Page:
Well there you have it, as many (from both sides) have said, even if Pono is not all it's cracked up to be is got the talk about audio quality going for a lot of people, this is a good thing any way you look at it.
this rationale is like a guy selling worthless magic "organic" health beans, beans that are the same beans you can already buy in the supermarket, and half of them are grown with chemical fertilizers besides, and charging a PREMIUM price for them, but its "good" because it got a discussion going about healthy food!

Pono is flogging the already twice-failed "high sample rate" product when we all know better amps, speakers, headphones, quieter listening environments, and better, more dynamic MASTERS are what is going to make "sound quality" better. All things we can do without Pono. We are only using 7 dB of the 115 dB range of a CD as it is. All these compression-happy Analogistas crying about the FORMAT as the limiting factor make me laugh.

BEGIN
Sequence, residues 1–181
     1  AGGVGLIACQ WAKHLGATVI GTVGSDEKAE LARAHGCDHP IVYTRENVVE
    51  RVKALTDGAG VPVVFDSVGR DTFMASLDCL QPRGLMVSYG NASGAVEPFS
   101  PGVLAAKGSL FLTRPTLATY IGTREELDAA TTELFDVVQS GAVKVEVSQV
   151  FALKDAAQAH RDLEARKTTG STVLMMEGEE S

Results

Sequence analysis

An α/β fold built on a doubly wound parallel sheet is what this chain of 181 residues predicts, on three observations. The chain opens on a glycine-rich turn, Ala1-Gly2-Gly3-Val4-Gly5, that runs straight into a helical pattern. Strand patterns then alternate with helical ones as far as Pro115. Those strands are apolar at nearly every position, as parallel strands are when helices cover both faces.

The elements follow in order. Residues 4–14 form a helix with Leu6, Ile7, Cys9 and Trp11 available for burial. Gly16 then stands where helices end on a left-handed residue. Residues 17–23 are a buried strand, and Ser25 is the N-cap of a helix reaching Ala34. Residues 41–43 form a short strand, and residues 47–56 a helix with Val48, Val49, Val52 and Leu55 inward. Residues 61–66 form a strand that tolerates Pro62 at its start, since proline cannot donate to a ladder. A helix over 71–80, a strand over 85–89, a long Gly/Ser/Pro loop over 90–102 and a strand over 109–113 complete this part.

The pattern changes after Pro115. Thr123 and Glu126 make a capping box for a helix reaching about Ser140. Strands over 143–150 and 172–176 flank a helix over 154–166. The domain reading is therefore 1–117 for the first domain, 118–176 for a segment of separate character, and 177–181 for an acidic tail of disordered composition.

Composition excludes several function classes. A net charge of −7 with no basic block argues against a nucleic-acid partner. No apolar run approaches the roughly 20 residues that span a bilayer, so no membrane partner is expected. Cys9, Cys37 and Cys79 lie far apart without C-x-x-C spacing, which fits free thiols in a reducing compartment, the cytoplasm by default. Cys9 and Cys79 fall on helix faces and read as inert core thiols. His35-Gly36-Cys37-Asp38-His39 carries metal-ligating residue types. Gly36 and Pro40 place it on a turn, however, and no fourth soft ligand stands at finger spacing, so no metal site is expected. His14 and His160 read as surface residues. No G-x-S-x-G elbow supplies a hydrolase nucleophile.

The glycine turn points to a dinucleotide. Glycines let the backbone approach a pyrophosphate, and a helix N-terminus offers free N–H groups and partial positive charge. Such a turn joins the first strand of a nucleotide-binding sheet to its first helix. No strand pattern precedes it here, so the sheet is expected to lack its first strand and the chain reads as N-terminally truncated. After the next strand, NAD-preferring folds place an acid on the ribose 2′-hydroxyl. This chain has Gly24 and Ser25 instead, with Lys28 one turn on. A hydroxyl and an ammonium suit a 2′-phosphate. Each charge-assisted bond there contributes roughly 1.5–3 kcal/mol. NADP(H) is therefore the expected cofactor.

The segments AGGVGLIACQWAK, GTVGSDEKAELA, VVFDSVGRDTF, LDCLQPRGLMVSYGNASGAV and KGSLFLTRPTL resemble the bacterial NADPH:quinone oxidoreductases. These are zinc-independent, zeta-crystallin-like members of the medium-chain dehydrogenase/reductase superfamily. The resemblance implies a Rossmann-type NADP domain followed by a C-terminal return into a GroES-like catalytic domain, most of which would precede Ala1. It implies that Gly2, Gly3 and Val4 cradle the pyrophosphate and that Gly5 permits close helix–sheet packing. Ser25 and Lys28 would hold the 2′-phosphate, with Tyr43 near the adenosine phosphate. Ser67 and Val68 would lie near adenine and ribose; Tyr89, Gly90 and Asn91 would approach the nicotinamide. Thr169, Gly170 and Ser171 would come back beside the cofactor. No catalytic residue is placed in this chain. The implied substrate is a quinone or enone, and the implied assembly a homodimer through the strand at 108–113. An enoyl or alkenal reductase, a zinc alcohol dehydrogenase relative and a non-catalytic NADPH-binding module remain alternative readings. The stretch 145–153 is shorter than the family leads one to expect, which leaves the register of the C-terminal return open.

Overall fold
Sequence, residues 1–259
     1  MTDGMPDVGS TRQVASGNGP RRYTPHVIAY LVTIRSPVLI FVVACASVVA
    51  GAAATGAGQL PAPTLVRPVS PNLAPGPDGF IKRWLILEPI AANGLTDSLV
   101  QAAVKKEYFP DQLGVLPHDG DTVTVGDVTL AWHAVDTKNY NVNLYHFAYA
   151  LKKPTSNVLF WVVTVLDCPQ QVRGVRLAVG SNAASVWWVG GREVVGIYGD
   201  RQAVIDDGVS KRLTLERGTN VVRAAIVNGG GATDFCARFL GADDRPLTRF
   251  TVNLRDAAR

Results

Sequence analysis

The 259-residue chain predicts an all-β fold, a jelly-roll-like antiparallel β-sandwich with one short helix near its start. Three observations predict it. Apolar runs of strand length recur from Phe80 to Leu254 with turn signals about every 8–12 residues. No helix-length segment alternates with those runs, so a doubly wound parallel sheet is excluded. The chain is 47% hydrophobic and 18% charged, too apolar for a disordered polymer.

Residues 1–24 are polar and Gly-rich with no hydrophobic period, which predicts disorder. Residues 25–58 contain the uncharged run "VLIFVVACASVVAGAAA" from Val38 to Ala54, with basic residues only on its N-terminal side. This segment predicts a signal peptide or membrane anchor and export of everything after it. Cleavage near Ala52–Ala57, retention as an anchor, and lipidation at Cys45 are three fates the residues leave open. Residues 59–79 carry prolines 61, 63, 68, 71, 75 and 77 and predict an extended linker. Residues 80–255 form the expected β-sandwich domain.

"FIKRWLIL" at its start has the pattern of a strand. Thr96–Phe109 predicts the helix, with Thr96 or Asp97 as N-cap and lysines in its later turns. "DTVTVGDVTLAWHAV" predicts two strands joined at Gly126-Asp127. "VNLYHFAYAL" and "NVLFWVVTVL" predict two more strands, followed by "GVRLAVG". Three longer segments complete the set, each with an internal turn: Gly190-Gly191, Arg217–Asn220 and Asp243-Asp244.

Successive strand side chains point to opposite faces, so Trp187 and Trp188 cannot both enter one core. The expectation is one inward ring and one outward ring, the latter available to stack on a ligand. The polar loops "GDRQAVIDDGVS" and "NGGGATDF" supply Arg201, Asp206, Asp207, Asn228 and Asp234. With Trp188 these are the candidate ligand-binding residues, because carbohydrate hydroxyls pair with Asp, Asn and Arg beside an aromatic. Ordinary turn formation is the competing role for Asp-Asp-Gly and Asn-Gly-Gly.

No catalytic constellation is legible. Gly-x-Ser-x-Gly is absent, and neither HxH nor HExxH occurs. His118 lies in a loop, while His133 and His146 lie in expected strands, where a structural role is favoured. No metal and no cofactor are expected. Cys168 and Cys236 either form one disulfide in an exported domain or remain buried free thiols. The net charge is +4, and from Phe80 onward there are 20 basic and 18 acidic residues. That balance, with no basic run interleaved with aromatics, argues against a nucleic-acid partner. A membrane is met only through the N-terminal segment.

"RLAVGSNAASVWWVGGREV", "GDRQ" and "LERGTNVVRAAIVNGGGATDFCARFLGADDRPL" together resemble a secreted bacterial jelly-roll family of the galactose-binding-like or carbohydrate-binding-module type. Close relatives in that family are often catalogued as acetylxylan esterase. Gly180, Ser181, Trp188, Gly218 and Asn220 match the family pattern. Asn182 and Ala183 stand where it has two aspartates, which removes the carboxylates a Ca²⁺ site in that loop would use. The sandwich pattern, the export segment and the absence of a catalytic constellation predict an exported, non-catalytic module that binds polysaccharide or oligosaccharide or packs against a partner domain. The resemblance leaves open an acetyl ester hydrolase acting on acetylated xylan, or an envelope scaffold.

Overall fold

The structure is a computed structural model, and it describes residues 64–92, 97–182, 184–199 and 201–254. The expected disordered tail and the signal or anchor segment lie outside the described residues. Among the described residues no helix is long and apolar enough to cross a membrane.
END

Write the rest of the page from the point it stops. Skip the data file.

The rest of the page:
The "underwater" sample-rate hype from the Pono people is at worst, flat-out baloney, and at best a distraction from the real steps that should be taken long before doubling the sample rate and bit depth can be noticed.

The whole point of Stone Soup, is that in the end, you never really needed the Stone.
Old 24th April 2014
  #3769
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paul brown's Avatar